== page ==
Schooled by our children

My husband very lovingly decided to make French toast for breakfast last weekend. Ayaan, our 6 year old son, wanted to help. It was all peace and harmony alongside a beautiful mess in the kitchen.

I’m a fortunate woman, blessed with these two handsome men, who are very loving, very kind and very funny. One of these men is my best friend, my husband, Qais. The other is our our precious little gem, Ayaan. They share a relationship as special as the humans they are

Ayaan, very proud of his creations, brought the plate carrying the toasts to show me. 5 ‘Wows!!’ and 2 Michelin (read: Mummy) stars later, he started walking back to the kitchen, still holding the plate.

Along the way he lost focus and the toasts landed on the floor. 

If this was a scene from an Indian soap, there would have been 3 zoomed-in shots each of the martyred French toasts, Qais and Ayaan, with music blaring in the background! 

In a second Qais went from being Mr. Happy to being Mr. Grumpy. Our son got a stern telling off for not paying attention to what he was doing.

Ayaan apologised without any argument. However, me with my ‘Maa ka dil’ (a mother’s heart) could not ignore the sadness and disappointment in my son’s eyes. I knew he was excited for the breakfast he had prepared with his Daddy and was looking forward to eating it with him while watching their favourite TV shows together.

They sat down to eat, with 3 toasts less than they had intended to enjoy. I just went quiet and had a very hurt look in my eyes.  

My husband probably noticed this rather unattractive look on my face and realised that it’s because he acted a bit unfairly towards our son. So he asked Ayaan if he thought his Daddy did the right thing and what would he have done if someone else had dropped food that he had made?

Ayaan, although seemingly enjoying his breakfast, replied:

 ‘I would have been angry too, Daddy. But I would just make some more toast because I know the person didn’t mean to do it’. 

This answer came so instantly and casually to my son that we were proud of him and ashamed of ourselves at the same time. 

Qais immediately apologised to him and admitted that he was wrong. He said that he should not have reacted the way he did and would try his best not to make the same mistake again. He also explained that he just wants him to learn how to focus on what he is doing. Ayaan agreed and promised to be more careful in future.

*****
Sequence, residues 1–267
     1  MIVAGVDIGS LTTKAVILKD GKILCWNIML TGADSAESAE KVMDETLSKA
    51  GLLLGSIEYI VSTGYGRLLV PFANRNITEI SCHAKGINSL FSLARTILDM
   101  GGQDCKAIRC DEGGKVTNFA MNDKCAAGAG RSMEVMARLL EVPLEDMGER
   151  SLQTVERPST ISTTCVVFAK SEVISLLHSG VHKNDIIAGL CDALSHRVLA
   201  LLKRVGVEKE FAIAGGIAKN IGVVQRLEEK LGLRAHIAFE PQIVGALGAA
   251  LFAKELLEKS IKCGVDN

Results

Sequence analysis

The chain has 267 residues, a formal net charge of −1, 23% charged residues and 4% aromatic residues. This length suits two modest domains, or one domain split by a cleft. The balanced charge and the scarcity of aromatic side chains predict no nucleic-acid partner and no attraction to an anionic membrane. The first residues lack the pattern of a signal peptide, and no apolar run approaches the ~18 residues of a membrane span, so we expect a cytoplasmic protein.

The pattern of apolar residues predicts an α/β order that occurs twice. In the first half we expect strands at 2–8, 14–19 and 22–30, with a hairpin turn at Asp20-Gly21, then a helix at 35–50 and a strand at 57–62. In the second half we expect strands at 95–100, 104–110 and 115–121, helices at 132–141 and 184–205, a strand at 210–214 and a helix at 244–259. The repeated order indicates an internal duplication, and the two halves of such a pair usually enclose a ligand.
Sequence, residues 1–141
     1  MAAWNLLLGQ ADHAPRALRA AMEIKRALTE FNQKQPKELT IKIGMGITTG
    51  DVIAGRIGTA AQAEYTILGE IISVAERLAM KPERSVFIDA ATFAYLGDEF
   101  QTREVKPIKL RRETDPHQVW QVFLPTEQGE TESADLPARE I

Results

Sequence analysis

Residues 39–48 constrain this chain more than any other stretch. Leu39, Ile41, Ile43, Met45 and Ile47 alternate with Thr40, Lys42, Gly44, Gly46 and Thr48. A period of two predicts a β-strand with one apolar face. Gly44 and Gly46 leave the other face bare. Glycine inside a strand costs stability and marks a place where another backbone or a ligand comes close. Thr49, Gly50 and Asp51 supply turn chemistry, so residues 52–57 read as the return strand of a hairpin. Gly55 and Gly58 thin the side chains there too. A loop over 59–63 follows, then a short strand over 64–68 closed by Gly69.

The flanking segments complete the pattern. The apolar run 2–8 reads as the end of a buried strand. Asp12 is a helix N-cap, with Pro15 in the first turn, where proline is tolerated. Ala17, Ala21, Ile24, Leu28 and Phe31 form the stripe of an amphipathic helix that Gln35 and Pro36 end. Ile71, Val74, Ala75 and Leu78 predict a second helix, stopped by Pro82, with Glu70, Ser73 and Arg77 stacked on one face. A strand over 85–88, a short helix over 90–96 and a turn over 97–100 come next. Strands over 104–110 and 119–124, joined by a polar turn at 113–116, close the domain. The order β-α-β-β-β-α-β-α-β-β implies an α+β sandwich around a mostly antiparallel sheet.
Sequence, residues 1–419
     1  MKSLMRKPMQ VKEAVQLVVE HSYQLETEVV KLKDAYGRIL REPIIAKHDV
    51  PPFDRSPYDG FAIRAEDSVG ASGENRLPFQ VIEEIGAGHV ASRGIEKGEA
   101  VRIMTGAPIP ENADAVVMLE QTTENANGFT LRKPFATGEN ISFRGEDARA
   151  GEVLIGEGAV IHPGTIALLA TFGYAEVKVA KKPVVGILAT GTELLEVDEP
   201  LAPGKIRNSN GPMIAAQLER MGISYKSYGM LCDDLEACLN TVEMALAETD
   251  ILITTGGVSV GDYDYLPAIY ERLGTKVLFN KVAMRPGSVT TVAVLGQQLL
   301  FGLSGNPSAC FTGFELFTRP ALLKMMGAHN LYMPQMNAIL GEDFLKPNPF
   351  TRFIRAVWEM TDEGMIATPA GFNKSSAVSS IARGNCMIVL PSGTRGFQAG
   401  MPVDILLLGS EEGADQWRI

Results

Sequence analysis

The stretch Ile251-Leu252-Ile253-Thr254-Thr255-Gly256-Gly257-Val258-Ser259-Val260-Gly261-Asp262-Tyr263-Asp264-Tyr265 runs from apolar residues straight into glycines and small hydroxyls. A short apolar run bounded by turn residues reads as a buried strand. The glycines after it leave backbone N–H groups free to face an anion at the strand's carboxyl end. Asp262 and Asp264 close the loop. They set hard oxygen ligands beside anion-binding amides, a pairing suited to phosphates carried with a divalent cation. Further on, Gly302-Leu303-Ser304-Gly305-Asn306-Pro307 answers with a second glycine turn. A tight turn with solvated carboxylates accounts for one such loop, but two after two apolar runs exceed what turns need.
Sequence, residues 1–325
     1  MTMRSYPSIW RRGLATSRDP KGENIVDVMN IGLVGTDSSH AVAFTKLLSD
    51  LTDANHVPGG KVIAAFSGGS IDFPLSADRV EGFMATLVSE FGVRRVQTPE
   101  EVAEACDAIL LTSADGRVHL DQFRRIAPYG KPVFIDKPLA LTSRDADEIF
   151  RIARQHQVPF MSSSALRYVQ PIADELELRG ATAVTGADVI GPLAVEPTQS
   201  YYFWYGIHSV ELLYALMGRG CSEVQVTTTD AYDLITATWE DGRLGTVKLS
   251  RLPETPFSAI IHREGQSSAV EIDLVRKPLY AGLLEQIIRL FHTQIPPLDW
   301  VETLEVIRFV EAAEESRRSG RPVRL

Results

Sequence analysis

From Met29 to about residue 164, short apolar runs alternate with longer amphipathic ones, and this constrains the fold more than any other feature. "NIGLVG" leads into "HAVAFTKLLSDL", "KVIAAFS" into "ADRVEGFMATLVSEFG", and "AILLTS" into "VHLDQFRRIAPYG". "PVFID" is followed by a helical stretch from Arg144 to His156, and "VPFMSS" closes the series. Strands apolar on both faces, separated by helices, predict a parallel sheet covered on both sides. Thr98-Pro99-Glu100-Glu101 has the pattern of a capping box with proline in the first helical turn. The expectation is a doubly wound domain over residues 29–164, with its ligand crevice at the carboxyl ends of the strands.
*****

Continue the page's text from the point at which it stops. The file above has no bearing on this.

This understanding between father and son brought tears to my eyes and filled my heart with pride for both my boys.

We all make mistakes as parents sometimes. Life is tough and it exhausts us. Many times we unintentionally take our exhaustion out on our children. We are human, after all. We may have many reasons for our behavior towards our children which they may not understand. One minute we are showering them with affection, and the next were telling them off for something small, which leaves them confused.

I am proud of my husband for what he did that day, and it made me learn a very important lesson. It is good to stop and reflect once in a while. Ask our children where we have gone wrong. They may be young but they are getting wiser by the day. We should give them the respect they deserve, even if we see them as our babies. There is no harm in saying sorry to our children. If we don’t, they won’t learn to either.

Lots of love and prayers for all our little wise folks, and the older ones too!

This story is submitted by Amina Sheikh

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